Dr. Mallika Marshall is answering your coronavirus vaccine-related medical questions.
DAVID WADE: Of course, the big news today was that the state will fully reopen on May 29. But many of you continue to reach out to us with your coronavirus questions. And here to answer your questions, Dr. Mallika Marshall. My accent jumping in there for a half a second. Doctor, thank you for joining us.
MALLIKA MARSHALL: I like it.
DAVID WADE: Let's begin with Robin, who writes, I'm 66, and I'm high risk for COVID because of an autoimmune disease. The CDC released new information about going maskless indoors but does not provide any specifics for vaccinated people who are high-risk. So what do you think about this, Doctor?
MALLIKA MARSHALL: Well, I mean, if you're immunocompromised, then you may not have mounted as robust an immune response to the vaccines as people who aren't immunocompromised. So I would continue to exercise caution when you're in public or in crowded settings by wearing your mask and socially distancing.
But talk to your doctor about what your relative risk is. Because maybe you're not as high-risk as you think you are. So have that conversation before you decide whether to shed your mask.
DAVID WADE: All right, Doctor. Suzanne asks an interesting question. She says, if the COVID vaccine becomes an annual event, similar to the flu shot, would you have to get the same vaccine, Moderna, Pfizer, or J&J every year? Or next year, could you, say, get Moderna even though you got Pfizer this year?
MALLIKA MARSHALL: Yeah, so you probably will get whatever shot is available at that time. They're currently looking at mixing and matching vaccines to make sure it's safe. Preliminary data suggests that it is. So if an annual vaccine is needed, it may be that you get Pfizer one year, and you get J&J the next year, and you alternate depending on what's available at that time.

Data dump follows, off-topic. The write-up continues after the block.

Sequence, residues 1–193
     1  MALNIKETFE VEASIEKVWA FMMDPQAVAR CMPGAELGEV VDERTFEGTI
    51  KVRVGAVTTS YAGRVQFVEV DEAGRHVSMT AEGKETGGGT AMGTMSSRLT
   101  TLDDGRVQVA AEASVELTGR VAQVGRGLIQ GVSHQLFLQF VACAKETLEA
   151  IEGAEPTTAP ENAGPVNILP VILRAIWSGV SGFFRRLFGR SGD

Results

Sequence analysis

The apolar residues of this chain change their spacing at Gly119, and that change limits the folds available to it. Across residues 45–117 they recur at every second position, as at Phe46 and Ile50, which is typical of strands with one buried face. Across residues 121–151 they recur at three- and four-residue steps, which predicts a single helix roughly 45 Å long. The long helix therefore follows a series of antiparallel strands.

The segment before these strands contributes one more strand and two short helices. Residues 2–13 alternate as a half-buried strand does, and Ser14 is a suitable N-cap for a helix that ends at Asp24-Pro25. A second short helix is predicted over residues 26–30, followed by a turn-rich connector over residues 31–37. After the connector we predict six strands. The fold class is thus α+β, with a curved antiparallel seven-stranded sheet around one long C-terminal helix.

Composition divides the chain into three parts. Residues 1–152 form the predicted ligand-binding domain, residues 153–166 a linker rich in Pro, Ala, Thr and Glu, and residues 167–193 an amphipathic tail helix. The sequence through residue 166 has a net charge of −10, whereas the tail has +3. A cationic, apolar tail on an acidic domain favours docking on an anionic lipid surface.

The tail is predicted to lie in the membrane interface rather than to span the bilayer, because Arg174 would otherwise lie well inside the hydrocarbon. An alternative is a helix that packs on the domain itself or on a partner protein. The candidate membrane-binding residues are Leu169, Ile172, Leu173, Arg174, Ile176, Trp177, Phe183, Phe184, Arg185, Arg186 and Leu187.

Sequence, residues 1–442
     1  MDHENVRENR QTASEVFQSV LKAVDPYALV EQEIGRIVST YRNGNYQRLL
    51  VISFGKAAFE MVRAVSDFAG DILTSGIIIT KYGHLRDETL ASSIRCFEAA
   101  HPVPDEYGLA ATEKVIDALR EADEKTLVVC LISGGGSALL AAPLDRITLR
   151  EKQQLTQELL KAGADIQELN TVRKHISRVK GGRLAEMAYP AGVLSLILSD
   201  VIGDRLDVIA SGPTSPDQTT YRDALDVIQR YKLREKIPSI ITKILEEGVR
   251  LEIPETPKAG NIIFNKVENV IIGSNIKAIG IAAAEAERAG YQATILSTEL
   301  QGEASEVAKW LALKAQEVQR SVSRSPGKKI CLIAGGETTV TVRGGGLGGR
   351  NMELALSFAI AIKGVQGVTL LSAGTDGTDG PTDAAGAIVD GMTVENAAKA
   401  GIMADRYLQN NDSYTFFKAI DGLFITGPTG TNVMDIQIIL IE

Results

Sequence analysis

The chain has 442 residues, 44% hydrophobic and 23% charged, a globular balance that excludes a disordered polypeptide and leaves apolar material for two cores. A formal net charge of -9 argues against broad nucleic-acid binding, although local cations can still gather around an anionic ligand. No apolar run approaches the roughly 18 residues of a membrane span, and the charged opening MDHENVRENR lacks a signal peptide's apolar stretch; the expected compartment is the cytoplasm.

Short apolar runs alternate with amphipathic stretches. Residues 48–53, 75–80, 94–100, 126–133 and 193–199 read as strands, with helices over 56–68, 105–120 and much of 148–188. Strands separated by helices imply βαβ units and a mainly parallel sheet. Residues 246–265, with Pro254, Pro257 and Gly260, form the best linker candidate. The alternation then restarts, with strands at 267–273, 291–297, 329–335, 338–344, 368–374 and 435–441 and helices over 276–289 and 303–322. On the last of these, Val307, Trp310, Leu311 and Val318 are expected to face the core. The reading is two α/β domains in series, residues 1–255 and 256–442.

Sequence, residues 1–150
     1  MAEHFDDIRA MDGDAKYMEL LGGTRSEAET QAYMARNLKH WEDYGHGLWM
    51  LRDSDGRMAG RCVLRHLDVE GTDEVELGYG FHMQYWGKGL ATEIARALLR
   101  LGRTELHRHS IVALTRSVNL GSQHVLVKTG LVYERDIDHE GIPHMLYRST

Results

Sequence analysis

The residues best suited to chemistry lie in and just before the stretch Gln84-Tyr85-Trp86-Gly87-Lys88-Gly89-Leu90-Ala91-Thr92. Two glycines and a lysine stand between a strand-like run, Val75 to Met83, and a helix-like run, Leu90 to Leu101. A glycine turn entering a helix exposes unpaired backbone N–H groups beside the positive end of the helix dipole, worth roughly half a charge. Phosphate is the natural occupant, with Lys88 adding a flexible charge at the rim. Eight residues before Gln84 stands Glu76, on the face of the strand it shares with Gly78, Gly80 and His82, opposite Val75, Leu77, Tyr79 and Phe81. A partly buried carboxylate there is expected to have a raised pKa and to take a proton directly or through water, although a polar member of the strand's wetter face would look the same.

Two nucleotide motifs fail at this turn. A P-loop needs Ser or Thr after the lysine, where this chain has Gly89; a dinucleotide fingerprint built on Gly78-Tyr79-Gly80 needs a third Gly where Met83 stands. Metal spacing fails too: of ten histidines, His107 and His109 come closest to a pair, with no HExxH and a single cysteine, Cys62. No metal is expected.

DAVID WADE: All right, Roberta says, if someone is only in contact with people who are fully vaccinated, why bother getting vaccinated?
MALLIKA MARSHALL: I think this is a question that we're worried a lot of people are asking themselves, right? If everybody around me is vaccinated, why should I go ahead and do it? Well, first of all, right now only about a third of the US population is fully vaccinated.
So if you are unvaccinated, you undoubtedly will come into contact with people who are unvaccinated, including a lot of kids. Because a lot of kids aren't yet eligible to get vaccinated. So someone who's unvaccinated is really putting themselves at risk by not getting the vaccine. In the meantime, they really do need to wear their masks and social distance to protect themselves.
DAVID WADE: All right, Dr. Charles from Malden writes, I received my first Moderna shot out of state on January 16, but not my second shot. A health agency said I should start all over again with the first shot. What do you think about that?
MALLIKA MARSHALL: OK, so you got your first shot in January. It's now May, so that's been at least four months, which is a long time. You know, if your second dose is delayed, you really should try to get your second dose within six weeks of getting your first dose because we don't have a lot of data on how effective the vaccines are if you wait longer than six weeks.
But the CDC does say if your second dose is delayed more than six weeks, then you don't need to restart the series. Just make sure you get that second dose as soon as possible. But obviously, you want to follow the advice of your personal physician.
DAVID WADE: All right, Dr. Mallika, thank you so much as always. Always great to see you. And Dr. Mallika offers her best advice.
MALLIKA MARSHALL: You too.
DAVID WADE: But as always, consult your personal doctor before making any decisions about your health. If you have a question for Dr. Mallika, three ways to reach her. You can email her, DrMallika@cbs.com. On Twitter, her handle is @mallikamarshall. Or you can Facebook Message her, Dr. Mallika Marshall. Lisa.